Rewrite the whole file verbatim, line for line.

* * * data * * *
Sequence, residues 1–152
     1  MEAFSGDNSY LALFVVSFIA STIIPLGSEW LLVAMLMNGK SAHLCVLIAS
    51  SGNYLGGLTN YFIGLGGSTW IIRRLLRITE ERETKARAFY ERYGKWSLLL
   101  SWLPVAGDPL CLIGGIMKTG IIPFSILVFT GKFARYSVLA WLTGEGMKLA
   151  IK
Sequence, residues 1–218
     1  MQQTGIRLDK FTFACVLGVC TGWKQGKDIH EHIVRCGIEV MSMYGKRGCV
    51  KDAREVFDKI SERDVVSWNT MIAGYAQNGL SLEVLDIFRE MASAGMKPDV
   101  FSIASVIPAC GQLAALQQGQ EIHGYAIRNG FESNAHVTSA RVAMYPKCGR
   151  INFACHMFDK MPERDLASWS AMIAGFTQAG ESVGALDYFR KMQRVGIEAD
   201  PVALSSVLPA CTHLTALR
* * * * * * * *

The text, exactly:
Sequence, residues 1–152
     1  MEAFSGDNSY LALFVVSFIA STIIPLGSEW LLVAMLMNGK SAHLCVLIAS
    51  SGNYLGGLTN YFIGLGGSTW IIRRLLRITE ERETKARAFY ERYGKWSLLL
   101  SWLPVAGDPL CLIGGIMKTG IIPFSILVFT GKFARYSVLA WLTGEGMKLA
   151  IK
Sequence, residues 1–218
     1  MQQTGIRLDK FTFACVLGVC TGWKQGKDIH EHIVRCGIEV MSMYGKRGCV
    51  KDAREVFDKI SERDVVSWNT MIAGYAQNGL SLEVLDIFRE MASAGMKPDV
   101  FSIASVIPAC GQLAALQQGQ EIHGYAIRNG FESNAHVTSA RVAMYPKCGR
   151  INFACHMFDK MPERDLASWS AMIAGFTQAG ESVGALDYFR KMQRVGIEAD
   201  PVALSSVLPA CTHLTALR